October 10, 2022 — The FDA has approved a vaccine that women can take during their third trimester of pregnancy to prevent whooping cough, better known as whooping cough, in infants under two months old.
This is the first time the FDA has approved a vaccine to prevent disease in infants that is given to their mothers during pregnancy, Peter Marks, MD, director of the FDA’s Center for Biologics Evaluation and Research, said in a statement. Press release.
“Babies are most at risk of pertussis and serious complications. Although vaccination is the best method of protection, infants under two months of age are too young to be protected by the childhood pertussis vaccine series,” Marks said.
The vaccine is called Boostrix and is produced by GlaxoSmithKline. It is given in a single injection and stimulates antibodies in the mother that are transferred to the fetus, the FDA said. The vaccine produced no adverse effects on the mother, fetus or newborn in clinical trials, the FDA said.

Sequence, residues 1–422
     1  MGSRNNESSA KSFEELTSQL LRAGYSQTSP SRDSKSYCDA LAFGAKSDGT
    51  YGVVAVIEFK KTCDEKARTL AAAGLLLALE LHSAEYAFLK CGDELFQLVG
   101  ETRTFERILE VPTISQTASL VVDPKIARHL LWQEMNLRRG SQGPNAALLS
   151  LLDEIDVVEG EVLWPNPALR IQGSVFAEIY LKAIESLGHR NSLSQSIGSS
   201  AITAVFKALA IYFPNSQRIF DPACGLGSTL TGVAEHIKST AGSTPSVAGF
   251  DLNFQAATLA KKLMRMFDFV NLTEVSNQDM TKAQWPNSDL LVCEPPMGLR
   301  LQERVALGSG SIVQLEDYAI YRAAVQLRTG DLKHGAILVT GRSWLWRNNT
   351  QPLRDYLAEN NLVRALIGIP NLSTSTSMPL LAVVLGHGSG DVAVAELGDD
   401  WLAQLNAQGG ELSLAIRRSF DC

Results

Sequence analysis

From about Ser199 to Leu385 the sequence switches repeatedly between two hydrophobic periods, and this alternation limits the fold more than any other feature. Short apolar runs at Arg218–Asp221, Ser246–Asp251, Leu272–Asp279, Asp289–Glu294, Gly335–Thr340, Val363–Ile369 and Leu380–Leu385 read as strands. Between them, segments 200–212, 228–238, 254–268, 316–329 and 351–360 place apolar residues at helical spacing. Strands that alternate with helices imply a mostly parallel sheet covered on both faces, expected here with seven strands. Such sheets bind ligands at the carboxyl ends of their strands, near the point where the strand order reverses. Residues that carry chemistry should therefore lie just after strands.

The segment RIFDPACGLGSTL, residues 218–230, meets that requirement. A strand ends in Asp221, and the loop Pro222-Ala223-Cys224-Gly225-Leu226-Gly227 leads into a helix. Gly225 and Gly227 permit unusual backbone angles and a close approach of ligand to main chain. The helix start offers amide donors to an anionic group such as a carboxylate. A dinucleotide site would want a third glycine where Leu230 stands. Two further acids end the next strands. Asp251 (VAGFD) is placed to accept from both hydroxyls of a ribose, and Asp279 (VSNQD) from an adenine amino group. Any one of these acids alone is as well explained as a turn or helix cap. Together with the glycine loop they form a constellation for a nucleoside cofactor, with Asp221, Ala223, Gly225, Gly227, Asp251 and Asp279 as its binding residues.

Citing the CDC, the FDA said 4.2% of pertussis cases reported in the United States in 2021 were in infants younger than 6 months, with about 31% requiring hospitalization.
Since 2010, up to 20 babies die each year from whooping cough, the CDC said. Between 10,000 and 50,000 cases of whooping cough have been reported each year since 2010, according to the CDC.
The FDA previously approved Boostrix to protect pregnant women from whooping cough. The FDA approved Boostrix in 2005 for people ages 10 to 18 and later approved the vaccine for people 18 and older.
Whooping cough usually begins with cold symptoms, but then leads to severe coughing spells, which can last for several weeks or even months.